Jersey

Tax changes could impact islands financial status

The body that represents Jersey's financial industry says potential changes to taxation could affect the island's business status.

The States is consulting businesses over the zero-ten rate of tax and the latest EU tax code of conduct.

The zero-ten scheme, introduced in 2008, means many businesses based in the island pay a maximum of ten per cent corporation tax.

Financial experts on the island fear changes would "drive business away."

Heather Bestwick, of Jersey Finance, whose organisation represents the island's finance industry, said: "The industry is a centre for tax neutrality and so it's important if a company is set up, Jersey can say to investors we're not going to be subject to tax in two jurisdictions.

"What we're hopeful for is that we don't have to move away from anything that's not broken, because the tax regime is very attractive to international business.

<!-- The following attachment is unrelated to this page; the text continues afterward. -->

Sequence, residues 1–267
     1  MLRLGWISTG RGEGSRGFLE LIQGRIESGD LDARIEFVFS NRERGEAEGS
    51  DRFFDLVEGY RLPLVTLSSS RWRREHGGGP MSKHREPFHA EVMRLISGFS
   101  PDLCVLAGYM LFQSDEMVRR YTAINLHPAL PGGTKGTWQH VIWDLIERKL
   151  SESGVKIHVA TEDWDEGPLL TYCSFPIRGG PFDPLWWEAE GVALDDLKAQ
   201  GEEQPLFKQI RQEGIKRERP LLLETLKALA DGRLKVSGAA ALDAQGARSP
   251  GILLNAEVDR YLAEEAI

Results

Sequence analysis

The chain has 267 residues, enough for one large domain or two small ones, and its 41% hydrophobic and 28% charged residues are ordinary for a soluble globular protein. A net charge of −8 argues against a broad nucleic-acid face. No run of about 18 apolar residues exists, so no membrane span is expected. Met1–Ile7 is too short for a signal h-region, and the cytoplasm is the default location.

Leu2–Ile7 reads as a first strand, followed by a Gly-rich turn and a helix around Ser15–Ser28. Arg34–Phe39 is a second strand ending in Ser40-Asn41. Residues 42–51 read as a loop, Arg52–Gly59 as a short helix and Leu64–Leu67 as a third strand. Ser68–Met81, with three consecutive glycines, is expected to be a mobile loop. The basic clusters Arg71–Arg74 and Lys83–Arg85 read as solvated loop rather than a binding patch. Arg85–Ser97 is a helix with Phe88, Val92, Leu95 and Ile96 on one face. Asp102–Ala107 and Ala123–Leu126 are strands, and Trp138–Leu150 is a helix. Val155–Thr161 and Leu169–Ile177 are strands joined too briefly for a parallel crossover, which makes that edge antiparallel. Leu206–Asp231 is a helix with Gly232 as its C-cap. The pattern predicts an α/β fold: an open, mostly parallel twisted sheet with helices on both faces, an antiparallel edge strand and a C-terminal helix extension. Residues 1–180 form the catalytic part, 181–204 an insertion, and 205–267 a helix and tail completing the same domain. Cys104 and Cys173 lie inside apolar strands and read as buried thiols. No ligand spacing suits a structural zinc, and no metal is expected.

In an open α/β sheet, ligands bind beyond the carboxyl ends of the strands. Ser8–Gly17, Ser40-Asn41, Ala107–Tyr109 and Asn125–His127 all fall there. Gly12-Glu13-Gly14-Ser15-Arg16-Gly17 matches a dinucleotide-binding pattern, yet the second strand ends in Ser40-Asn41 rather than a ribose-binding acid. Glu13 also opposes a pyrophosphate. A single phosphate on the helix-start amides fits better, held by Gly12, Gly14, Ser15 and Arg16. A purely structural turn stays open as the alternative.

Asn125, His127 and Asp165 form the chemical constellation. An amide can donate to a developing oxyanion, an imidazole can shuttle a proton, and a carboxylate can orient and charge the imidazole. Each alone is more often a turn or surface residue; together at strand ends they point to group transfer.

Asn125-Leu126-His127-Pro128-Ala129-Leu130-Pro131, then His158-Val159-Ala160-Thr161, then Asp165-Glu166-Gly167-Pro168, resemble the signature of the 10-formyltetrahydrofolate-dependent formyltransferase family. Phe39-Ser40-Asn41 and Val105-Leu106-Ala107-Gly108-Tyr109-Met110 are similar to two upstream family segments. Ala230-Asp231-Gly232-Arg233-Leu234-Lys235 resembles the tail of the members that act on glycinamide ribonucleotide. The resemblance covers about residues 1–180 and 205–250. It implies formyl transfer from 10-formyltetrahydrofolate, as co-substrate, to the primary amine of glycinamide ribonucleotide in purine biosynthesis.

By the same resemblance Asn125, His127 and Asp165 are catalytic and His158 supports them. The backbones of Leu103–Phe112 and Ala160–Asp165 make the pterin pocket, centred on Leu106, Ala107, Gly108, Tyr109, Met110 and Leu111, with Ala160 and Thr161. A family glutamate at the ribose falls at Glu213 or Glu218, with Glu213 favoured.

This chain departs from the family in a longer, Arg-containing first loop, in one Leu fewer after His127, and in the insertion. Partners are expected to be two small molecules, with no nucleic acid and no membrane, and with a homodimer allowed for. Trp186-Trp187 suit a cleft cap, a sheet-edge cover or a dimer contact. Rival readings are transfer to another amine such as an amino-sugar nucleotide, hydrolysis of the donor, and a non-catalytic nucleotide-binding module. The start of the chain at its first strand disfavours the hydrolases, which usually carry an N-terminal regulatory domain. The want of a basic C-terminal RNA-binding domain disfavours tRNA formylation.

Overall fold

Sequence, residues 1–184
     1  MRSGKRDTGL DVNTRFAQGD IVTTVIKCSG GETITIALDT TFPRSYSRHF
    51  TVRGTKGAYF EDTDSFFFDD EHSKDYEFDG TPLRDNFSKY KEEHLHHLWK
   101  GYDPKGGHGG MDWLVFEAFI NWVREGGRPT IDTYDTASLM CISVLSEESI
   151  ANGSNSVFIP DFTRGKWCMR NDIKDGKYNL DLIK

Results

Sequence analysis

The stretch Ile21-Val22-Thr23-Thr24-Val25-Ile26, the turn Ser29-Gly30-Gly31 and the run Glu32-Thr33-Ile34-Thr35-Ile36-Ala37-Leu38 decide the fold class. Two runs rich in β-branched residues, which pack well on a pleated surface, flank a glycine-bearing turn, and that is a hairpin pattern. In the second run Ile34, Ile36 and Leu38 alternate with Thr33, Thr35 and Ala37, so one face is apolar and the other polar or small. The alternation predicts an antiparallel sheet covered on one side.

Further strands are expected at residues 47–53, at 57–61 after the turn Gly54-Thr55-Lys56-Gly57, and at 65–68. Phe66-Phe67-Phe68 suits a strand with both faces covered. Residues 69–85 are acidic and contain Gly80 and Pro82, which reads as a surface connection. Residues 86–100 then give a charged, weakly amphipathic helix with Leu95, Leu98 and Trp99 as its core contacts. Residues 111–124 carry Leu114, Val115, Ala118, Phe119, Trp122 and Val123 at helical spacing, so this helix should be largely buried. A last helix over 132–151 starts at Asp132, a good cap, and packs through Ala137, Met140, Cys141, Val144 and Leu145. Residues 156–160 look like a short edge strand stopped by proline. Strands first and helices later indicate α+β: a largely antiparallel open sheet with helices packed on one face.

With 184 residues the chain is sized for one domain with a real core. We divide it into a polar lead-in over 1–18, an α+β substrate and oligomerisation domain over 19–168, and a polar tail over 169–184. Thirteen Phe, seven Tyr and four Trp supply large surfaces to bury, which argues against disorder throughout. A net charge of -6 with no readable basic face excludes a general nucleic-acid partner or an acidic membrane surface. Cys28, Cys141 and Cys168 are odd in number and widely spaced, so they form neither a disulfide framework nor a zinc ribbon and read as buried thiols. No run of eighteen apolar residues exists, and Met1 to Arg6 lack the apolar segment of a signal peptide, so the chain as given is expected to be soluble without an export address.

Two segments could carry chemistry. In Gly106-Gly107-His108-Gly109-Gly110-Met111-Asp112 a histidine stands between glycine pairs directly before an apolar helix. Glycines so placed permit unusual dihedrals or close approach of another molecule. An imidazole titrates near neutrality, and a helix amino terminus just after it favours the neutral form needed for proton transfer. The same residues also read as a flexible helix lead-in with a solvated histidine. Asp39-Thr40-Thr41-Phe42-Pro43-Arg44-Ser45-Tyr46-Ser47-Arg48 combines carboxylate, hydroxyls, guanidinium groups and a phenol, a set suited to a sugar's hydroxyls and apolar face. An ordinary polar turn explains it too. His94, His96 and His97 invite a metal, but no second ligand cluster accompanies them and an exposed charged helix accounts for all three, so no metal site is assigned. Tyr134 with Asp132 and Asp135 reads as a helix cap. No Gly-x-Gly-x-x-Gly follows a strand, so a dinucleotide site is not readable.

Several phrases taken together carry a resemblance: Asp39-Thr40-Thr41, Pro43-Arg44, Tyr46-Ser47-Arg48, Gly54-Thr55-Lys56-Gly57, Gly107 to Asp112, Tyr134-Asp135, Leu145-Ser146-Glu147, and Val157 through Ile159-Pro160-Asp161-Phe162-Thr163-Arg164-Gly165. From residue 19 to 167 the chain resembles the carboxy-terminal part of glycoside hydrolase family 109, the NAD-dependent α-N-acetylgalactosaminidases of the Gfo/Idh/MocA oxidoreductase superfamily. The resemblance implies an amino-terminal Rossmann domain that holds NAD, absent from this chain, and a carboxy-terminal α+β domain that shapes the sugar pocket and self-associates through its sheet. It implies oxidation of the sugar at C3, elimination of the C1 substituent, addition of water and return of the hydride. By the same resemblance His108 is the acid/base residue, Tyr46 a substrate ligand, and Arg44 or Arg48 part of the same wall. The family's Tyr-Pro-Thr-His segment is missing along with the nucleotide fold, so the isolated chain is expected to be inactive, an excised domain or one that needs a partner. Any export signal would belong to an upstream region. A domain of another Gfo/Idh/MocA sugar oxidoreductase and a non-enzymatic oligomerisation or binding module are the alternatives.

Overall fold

"There's a bit of nervousness about having to announce any changes before we've really bedded in the zero-ten system."

Island's economy

The States is also consulting on a number of options for changing the tax systems.

Senator Philip Ozouf, the Treasury Minister, said the States would consider the effect on the island's economy and only make changes if it was in the best interest of the island.

He said: "International views on tax are changing and Jersey needs to be ready to respond."

An EU assessment of the scheme is due to take place in September.

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